Virginia Poverty Law Center

If You're Forced Out without Due Process

If your landlord wants you out, they have to follow the legal process. They must go to court, get a judge’s order, and have the sheriff schedule the final eviction. If they try to force you out on their own, you have rights and can get help.

What your landlord can’t do

It is against the law for your landlord to:

  • Change the locks without a judge’s permission.
  • Shut off your light, heat, or gas without a judge’s permission.
  • Do something that makes your home unsafe, like taking off an outside door or removing locks.

These all count as unlawful exclusion, or illegal eviction. If your landlord does any of these things to make you leave, you have two options. Take action right away.

Option 1: Call the police

You can call the police while your landlord is there forcing you out. It's not guaranteed, but the police should tell your landlord to stop.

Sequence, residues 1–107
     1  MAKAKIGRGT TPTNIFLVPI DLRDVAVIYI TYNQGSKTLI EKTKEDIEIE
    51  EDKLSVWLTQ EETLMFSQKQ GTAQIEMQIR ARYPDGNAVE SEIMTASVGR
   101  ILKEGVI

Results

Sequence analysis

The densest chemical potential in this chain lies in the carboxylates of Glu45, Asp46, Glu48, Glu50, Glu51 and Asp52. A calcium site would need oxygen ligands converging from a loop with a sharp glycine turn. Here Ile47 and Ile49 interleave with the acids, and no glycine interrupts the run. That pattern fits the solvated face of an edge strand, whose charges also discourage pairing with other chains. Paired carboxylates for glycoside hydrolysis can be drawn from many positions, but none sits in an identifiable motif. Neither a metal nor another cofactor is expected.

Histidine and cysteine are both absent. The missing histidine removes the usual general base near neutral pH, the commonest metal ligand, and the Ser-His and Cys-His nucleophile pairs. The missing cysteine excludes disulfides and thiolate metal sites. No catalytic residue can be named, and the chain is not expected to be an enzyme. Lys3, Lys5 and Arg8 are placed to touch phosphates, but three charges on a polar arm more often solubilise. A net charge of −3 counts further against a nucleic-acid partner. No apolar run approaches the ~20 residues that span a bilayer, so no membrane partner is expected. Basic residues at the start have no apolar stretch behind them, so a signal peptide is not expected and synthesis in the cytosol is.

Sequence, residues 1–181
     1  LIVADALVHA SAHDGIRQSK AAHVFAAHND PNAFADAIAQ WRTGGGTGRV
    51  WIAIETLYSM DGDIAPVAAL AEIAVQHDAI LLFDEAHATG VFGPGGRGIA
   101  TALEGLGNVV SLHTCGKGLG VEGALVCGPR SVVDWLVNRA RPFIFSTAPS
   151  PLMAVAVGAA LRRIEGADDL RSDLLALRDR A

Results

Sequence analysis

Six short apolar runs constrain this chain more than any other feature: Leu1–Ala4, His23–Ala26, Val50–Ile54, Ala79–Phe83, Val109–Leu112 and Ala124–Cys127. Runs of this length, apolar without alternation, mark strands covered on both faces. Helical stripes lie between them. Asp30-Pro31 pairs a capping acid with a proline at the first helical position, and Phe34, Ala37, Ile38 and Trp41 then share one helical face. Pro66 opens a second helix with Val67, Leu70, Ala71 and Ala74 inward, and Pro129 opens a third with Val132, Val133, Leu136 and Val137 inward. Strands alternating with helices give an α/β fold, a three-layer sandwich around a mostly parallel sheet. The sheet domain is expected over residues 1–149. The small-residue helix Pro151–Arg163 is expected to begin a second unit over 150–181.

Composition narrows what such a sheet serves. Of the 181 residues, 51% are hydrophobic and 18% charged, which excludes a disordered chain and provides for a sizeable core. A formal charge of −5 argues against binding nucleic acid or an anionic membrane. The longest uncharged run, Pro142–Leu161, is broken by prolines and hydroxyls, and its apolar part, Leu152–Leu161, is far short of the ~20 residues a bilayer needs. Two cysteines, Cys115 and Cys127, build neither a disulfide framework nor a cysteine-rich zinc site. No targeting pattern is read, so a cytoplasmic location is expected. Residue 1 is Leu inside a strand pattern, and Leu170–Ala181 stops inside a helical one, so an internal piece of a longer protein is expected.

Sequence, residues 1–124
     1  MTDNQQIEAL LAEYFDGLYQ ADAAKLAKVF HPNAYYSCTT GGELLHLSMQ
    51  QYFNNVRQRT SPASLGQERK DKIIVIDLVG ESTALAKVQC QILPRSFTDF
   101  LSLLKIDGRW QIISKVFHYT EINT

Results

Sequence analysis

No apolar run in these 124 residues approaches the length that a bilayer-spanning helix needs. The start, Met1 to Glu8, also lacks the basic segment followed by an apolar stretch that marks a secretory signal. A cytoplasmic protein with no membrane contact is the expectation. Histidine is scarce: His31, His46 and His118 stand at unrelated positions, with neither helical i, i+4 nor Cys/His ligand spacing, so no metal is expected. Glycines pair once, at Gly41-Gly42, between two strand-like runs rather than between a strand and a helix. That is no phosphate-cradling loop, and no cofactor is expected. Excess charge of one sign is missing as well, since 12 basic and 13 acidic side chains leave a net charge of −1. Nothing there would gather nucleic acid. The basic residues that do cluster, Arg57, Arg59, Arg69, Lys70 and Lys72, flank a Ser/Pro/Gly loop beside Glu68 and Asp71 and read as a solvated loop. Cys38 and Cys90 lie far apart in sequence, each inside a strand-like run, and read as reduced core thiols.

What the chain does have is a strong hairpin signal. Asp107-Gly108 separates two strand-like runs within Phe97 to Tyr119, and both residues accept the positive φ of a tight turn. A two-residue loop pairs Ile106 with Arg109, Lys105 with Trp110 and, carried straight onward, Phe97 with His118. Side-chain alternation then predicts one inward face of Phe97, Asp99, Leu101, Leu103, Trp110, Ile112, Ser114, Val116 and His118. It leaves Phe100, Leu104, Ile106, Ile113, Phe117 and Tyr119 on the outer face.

Option 2: Take your landlord to court

If your landlord forces you out, you can ask the court for help. You will need to file a case called “Tenant’s Petition for Relief from Unlawful Exclusion.” If you win, the judge can order your landlord to:

  • Let you back into your home
  • Pay you money called “damages:”
    • Either $5,000 or four months’ worth of rent, whichever is higher
    • Any money you had to spend because you couldn’t be at home, like on hotel rooms, food, or transportation
    • Attorney fees, if you hired an attorney to help you

Use this step-by-step guide to file the Petition and contact Legal Aid for help with your case right away. 

Keep in mind

  • An eviction may still be legal even if you didn't get a summons or a notice from your landlord. 
  • If you're not sure your landlord took all the right steps to evict you, court records can help you find out.

You may want to talk to a lawyer for specific advice. Contact your local Legal Aid office to see if you qualify for free help.